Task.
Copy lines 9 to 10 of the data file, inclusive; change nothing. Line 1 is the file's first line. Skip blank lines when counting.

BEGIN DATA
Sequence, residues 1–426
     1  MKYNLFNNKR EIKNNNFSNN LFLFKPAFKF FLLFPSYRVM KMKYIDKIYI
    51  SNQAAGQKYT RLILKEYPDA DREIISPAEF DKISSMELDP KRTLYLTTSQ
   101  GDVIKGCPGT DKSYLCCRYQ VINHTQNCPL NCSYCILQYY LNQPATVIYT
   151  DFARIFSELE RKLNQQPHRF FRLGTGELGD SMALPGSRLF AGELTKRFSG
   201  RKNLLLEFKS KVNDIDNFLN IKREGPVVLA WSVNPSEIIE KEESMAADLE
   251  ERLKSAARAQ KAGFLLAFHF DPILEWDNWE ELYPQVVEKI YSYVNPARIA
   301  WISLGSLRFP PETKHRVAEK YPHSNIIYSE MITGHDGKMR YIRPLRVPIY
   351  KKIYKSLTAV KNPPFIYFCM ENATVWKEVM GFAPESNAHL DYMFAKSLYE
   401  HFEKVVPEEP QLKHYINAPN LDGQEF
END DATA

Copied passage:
   351  KKIYKSLTAV KNPPFIYFCM ENATVWKEVM GFAPESNAHL DYMFAKSLYE
   401  HFEKVVPEEP QLKHYINAPN LDGQEF